Wednesday, December 9, 2015


A hometown friend who is a respected historian is currently writing a book about a controversial local figure who went from being our town's most promising scholar to being the only US physician since the doctor who treated John Wilkes Booth to be arrested for accessory to murder after the fact. Other parts of his trajectory included being pursued by the FBI, jail, and lastly, an honored career as a humanitarian.

What could my small efforts to help her with her research have to do with my belated reading of "Middlemarch"?

Some years ago, we found this 1977 edition at a charity book sale. Like its heroine, it was patiently waiting for the right moment. 


Or should the order be reversed? I'm sticking with the first because I come from Middletown, and have only now, in my 68th year, come to "Middlemarch." Although the book was published in 1871 in a country far from mine, the universal applicability of its observations of small-town life and human nature offer ample proof that the author of "Middlemarch" knew what she was about.

The heroine, Dorothea,(inappropriately nicknamed Dodo?) was not only no dodo, but is more accurately compared, by the editor of my edition, to "a modern-day Saint Teresa."

Nevertheless, in the book's Finale, George Eliot references the town rumor mill's negative view of the protagonist, who was "spoken of to a younger generation as a fine girl who married a sickly clergyman, old enough to be her father, and in little more than a year after his death gave up her estate to marry his cousin – young enough to have been his son, with no property, and not well born. Those who had not seen anything of Dorothea usually observed that she could not have been 'a nice woman', else she would not have married either the one or the other."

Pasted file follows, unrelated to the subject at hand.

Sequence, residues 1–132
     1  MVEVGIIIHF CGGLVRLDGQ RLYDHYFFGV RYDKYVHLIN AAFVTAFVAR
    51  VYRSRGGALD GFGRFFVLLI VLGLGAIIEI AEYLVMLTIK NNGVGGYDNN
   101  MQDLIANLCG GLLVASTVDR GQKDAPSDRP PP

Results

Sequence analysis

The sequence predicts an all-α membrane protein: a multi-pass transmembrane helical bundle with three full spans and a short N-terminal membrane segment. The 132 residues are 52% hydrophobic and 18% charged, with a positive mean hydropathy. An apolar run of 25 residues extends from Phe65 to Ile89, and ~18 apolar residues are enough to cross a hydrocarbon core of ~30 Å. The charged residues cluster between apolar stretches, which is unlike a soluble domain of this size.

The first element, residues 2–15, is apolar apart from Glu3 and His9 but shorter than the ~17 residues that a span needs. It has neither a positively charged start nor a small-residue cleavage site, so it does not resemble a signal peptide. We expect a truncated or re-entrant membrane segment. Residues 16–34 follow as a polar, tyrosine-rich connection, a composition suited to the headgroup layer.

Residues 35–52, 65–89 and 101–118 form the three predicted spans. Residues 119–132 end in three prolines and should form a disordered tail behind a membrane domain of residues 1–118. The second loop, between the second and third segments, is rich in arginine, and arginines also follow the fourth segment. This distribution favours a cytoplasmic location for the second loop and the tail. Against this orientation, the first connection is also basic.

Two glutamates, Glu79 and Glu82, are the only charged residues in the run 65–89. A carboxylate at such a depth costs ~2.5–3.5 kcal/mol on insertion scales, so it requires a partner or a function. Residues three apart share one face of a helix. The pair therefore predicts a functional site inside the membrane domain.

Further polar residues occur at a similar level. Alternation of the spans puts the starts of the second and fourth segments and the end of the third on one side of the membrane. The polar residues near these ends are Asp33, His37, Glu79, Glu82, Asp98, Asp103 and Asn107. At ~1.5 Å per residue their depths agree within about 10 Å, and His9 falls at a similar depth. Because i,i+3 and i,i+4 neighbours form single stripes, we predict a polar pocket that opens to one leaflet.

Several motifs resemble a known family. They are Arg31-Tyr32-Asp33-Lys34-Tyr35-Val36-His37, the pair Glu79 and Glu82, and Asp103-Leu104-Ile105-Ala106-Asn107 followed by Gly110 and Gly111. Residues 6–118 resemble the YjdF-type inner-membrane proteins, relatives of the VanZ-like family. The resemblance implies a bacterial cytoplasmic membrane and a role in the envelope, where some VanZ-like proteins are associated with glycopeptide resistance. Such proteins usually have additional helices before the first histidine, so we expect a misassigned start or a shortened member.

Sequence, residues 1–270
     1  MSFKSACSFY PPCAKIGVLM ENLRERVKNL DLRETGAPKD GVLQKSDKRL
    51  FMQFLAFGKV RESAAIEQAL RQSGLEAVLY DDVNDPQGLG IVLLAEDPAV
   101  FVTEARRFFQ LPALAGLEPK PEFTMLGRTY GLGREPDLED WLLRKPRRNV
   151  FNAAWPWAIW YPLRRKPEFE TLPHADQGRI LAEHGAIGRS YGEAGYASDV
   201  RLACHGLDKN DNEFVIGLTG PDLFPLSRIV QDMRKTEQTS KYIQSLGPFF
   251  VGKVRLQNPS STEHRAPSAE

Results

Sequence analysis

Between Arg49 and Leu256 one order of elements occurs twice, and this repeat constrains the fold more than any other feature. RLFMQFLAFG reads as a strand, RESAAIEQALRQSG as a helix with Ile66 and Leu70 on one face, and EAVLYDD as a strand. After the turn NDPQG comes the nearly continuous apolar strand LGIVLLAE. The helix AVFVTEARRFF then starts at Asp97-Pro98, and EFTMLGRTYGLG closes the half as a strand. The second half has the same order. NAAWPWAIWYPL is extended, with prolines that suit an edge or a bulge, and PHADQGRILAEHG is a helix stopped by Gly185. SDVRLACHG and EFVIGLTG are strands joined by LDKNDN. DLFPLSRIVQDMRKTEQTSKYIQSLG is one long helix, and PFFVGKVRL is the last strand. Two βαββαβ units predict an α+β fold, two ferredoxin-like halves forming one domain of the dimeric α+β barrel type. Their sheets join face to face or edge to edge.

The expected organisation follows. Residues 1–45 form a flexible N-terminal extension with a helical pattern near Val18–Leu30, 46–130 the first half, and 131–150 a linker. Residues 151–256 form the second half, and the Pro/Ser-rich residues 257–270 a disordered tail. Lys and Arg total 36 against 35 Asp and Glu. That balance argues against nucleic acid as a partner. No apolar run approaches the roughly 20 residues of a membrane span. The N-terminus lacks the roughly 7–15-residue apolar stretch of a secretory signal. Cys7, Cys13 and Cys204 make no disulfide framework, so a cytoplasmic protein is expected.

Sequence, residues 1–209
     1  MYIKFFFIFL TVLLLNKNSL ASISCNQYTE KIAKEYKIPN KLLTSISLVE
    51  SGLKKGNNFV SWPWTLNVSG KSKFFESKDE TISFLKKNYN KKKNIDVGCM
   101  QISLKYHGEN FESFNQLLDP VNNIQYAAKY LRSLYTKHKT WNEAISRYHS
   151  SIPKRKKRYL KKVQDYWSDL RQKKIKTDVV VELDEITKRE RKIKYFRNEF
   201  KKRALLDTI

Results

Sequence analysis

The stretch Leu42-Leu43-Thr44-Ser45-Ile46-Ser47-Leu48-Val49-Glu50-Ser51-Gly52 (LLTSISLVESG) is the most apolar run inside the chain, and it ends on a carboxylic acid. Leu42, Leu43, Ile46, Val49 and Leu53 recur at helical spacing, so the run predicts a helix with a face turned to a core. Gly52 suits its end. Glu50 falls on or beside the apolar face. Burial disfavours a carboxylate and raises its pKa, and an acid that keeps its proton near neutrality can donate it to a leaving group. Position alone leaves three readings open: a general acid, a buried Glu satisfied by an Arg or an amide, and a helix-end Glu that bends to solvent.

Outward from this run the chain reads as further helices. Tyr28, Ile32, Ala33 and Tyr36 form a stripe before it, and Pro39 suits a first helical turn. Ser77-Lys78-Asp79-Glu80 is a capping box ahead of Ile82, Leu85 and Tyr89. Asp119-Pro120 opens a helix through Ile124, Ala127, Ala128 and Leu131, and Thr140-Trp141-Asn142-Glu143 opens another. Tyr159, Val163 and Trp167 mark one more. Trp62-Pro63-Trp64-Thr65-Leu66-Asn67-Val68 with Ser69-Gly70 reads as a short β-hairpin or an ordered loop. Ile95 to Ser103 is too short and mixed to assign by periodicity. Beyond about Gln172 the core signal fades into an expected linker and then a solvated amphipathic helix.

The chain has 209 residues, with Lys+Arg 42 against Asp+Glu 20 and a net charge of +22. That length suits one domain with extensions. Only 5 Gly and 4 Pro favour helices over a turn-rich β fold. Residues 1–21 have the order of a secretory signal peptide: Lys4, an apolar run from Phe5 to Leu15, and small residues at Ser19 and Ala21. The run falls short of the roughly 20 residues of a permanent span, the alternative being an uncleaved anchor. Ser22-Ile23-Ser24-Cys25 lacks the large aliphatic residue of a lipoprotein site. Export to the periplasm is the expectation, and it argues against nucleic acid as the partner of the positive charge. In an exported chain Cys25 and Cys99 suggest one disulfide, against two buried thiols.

This may be a stretch, but I am thinking of the way the Middletown grapevine whose reach is surprisingly long, responded to Alan's rise, Fall, and rise.

I have not always had good things to say about my home town, where everyone seemed overly interested in everyone else's business, and maybe my response was a childish rush to judgment. A high school friend with whom I resumed contact in the wake of our class's 50th reunion sees our town quite differently, and his positive words about it have made me rethink my own.  

Be that as it may, regardless of whatever muddling happens in Middletown, "Middlemarch" will remain a classic. And I hope that my friend's book about AB will, too.

FLASH: My husband tells me that according to a recent BBC poll, "Middlemarch" was cited as the UK's best novel. So in waiting more than six decades to get to it, we find ourselves both "behind the eight ball" and in front of it for having just read what some consider Britain's most popular novel. No matter. When is the right time to read a classic? Any time!

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